`...` bug?

Hi

Can anyone tell me why I get AAA (without -e) and -e BBB ?

(using /bin/bash)

ruby

puts `echo -e AAA`, `echo -e BBB;`

=> AAA
-e BBB

Bash:

echo -e AAA; /bin/echo -e BBB; # -> both without -e

- So it must be in correlation with Ruby...

thanks Opti

Can't reproduce, they are both equal here:

% ruby -v -e 'puts `echo -e AAA`, `echo -e BBB;`'
ruby 2.6.6p146 (2020-03-31 revision 67876) [x86_64-darwin20]
-e AAA
-e BBB

% ruby -v -e 'puts `echo -e AAA`, `echo -e BBB;`'
ruby 3.0.0p0 (2020-12-25 revision 95aff21468) [x86_64-darwin20]
-e AAA
-e BBB

It seems to work if you remove the ";" from the second "echo"

Using ruby 2.6.6p146
irb(main):003:0> puts `echo -e AAA`, `echo -e BBB`
AAA
BBB

ruby -v -e 'puts `echo -e AAA`, `echo -e BBB`'
ruby 2.6.6p146 (2020-03-31 revision 67876) [aarch64-linux]
AAA
BBB

···

On Fri, Jul 30, 2021 at 10:22 AM Xavier Noria <fxn@hashref.com> wrote:

Can't reproduce, they are both equal here:

% ruby -v -e 'puts `echo -e AAA`, `echo -e BBB;`'
ruby 2.6.6p146 (2020-03-31 revision 67876) [x86_64-darwin20]
-e AAA
-e BBB

% ruby -v -e 'puts `echo -e AAA`, `echo -e BBB;`'
ruby 3.0.0p0 (2020-12-25 revision 95aff21468) [x86_64-darwin20]
-e AAA
-e BBB

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Hi!
Anyone using Ruby 2.3.x ?

···

Am 30.07.21 um 11:21 schrieb Xavier Noria:

Can't reproduce, they are both equal here:

% ruby -v -e 'puts `echo -e AAA`, `echo -e BBB;`'
ruby 2.6.6p146 (2020-03-31 revision 67876) [x86_64-darwin20]
-e AAA
-e BBB

% ruby -v -e 'puts `echo -e AAA`, `echo -e BBB;`'
ruby 3.0.0p0 (2020-12-25 revision 95aff21468) [x86_64-darwin20]
-e AAA
-e BBB

Yes, but why does ';' make any difference --- in (pure) shell it doesn't...
So with Ruby 2.6.6 we still have this bug?

···

Am 30.07.21 um 13:11 schrieb Bruno Gerotto:

It seems to work if you remove the ";" from the second "echo"

Using ruby 2.6.6p146
irb(main):003:0> puts `echo -e AAA`, `echo -e BBB`
AAA
BBB

ruby -v -e 'puts `echo -e AAA`, `echo -e BBB`'
ruby 2.6.6p146 (2020-03-31 revision 67876) [aarch64-linux]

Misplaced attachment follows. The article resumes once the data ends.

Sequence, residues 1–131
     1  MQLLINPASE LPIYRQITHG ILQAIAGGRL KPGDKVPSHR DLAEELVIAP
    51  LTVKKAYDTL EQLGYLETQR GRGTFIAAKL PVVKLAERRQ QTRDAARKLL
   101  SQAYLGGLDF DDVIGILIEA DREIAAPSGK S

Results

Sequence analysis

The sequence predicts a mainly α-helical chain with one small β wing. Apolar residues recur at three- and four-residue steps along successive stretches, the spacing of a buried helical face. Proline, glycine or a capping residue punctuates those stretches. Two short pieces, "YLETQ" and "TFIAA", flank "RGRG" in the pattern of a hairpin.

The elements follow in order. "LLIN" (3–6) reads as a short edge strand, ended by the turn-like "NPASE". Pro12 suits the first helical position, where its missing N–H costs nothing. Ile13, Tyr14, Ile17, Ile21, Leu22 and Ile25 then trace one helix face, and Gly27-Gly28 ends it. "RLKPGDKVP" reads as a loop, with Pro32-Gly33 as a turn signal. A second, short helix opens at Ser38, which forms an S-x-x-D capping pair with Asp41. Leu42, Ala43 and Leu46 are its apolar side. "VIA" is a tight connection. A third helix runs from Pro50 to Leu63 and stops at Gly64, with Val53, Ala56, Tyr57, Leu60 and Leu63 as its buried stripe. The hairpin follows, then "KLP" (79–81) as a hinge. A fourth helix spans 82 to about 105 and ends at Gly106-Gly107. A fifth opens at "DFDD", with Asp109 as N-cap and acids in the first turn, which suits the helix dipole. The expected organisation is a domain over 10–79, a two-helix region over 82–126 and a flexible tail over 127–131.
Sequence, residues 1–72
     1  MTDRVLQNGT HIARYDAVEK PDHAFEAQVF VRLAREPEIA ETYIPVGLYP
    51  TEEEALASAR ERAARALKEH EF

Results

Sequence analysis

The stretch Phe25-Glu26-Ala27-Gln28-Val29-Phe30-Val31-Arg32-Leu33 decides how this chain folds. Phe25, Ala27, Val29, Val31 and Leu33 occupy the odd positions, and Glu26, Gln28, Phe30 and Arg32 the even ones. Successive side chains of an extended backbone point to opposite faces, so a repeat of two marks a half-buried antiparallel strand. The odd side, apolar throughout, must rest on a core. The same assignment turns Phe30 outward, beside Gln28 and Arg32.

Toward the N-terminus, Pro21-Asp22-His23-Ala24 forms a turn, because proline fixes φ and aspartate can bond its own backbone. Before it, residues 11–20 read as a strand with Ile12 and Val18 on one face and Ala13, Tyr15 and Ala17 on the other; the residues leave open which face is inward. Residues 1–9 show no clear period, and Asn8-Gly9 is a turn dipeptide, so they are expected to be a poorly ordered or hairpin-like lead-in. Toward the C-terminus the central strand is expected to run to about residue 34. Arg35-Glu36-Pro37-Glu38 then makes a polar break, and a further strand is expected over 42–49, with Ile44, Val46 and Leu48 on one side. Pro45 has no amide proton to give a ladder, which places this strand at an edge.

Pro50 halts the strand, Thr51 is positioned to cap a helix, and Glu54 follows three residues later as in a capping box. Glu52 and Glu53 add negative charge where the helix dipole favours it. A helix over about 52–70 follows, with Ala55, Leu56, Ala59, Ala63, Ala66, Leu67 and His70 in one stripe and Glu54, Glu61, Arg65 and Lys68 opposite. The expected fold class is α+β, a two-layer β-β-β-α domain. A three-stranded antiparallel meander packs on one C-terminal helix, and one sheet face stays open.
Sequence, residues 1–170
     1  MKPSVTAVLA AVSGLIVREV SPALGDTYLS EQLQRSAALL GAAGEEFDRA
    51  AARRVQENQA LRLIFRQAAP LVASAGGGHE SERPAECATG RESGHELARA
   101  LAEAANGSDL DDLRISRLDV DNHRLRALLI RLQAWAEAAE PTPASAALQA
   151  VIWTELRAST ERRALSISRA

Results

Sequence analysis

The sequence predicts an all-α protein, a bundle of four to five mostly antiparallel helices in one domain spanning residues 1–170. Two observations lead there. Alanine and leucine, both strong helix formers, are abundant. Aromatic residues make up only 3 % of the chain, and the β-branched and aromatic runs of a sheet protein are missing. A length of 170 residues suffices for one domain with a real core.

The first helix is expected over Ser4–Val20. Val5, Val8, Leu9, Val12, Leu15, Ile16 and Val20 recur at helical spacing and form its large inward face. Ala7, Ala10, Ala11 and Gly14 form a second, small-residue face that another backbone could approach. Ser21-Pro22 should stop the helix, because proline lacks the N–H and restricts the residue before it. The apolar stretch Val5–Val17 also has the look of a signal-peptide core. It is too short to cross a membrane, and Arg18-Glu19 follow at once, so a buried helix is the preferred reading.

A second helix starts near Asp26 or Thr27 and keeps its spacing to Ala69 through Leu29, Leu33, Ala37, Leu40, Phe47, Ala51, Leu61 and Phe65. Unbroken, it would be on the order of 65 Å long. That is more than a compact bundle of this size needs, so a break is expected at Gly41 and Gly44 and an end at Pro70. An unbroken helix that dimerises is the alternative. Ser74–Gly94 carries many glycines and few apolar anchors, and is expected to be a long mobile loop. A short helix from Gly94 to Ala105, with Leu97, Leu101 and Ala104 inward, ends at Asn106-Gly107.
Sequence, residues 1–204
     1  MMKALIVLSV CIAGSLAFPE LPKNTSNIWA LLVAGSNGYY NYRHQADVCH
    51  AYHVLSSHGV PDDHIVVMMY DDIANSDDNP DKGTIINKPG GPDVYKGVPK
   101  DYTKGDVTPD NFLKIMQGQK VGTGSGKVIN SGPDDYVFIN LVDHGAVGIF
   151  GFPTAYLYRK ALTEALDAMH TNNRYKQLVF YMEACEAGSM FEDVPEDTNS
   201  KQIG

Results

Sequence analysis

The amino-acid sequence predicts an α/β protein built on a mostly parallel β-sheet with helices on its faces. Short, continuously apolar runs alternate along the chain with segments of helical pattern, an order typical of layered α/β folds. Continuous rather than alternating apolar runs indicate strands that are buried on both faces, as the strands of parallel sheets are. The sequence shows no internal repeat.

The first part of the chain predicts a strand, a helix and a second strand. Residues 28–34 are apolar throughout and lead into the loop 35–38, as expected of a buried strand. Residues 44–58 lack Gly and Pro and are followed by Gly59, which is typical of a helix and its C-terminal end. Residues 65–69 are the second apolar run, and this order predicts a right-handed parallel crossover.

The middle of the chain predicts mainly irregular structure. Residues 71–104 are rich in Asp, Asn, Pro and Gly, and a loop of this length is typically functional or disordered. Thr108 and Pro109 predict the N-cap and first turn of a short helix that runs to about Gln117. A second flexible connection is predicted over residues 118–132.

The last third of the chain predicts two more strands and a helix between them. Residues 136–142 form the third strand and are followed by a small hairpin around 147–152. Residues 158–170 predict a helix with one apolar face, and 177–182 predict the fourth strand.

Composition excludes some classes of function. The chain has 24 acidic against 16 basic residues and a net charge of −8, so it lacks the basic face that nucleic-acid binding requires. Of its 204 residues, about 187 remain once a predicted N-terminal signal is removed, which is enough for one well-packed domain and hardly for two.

AAA
BBB

Good question.

There are some reasons.

* `cmd` (system(cmd)) uses /usr/bin/sh if cmd contains special characters like `;`, `&`, and so on.
* Ubuntu 20.4 uses dash for /usr/bin/sh

$ ls -la /usr/bin/sh
lrwxrwxrwx 1 root root 4 Apr 23  2020 /usr/bin/sh -> dash

* dash's echo doesn't recognize -e

$ dash -c 'echo -e foo'
-e foo

* /usr/bin/echo recognize `-e`

$ which echo
/usr/bin/echo

$ /usr/bin/echo -e foo
foo

Conclusion:

* `echo -e AAA` uses `/usr/bin/echo` and -e is recognized.
* `echo -e BBB;` uses `/usr/bin/sh -c 'echo -e BBB;'` (not exact same, it is for explanation) and it doesn't recognize -e.

···

On 2021/07/30 17:47, Die Optimisten wrote:

Hi

Can anyone tell me why I get AAA (without -e) and -e BBB ?

(using /bin/bash)

ruby

puts `echo -e AAA`, `echo -e BBB;`

=> AAA
-e BBB

Bash:

echo -e AAA; /bin/echo -e BBB; # -> both without -e

- So it must be in correlation with Ruby...

thanks Opti

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mic drop.

The crowd goes wild. Well, at least I do.

···

On Jul 31, 2021, at 06:43, Koichi Sasada <ko1@atdot.net> wrote:

Good question.

There are some reasons.

* `cmd` (system(cmd)) uses /usr/bin/sh if cmd contains special characters like `;`, `&`, and so on.
* Ubuntu 20.4 uses dash for /usr/bin/sh

$ ls -la /usr/bin/sh
lrwxrwxrwx 1 root root 4 Apr 23  2020 /usr/bin/sh -> dash

* dash's echo doesn't recognize -e

$ dash -c 'echo -e foo'
-e foo

* /usr/bin/echo recognize `-e`

$ which echo
/usr/bin/echo

$ /usr/bin/echo -e foo
foo

Conclusion:

* `echo -e AAA` uses `/usr/bin/echo` and -e is recognized.
* `echo -e BBB;` uses `/usr/bin/sh -c 'echo -e BBB;'` (not exact same, it is for explanation) and it doesn't recognize -e.

On 2021/07/30 17:47, Die Optimisten wrote:
Hi
Can anyone tell me why I get AAA (without -e) and -e BBB ?
(using /bin/bash)
ruby
puts `echo -e AAA`, `echo -e BBB;`
=> AAA
  -e BBB
Bash:
echo -e AAA; /bin/echo -e BBB; # -> both without -e
- So it must be in correlation with Ruby...
thanks Opti
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ok \- Thank you\!

Is there any documentation about that??

WHY does Ruby look into the string?!?
Problem:
`echo $SHELL` # -> /bin/bash
`echo $SHELL; ` # -> /bin/bash
Maybe $ is such a special character, too.
-> Who the hell programmed that?? That can't be expected...
PLEASE (everyone who did that): remove the code (or tell us, why it's
good to have it)!
Thats the way of "magic" which leads to unexpected results, leading to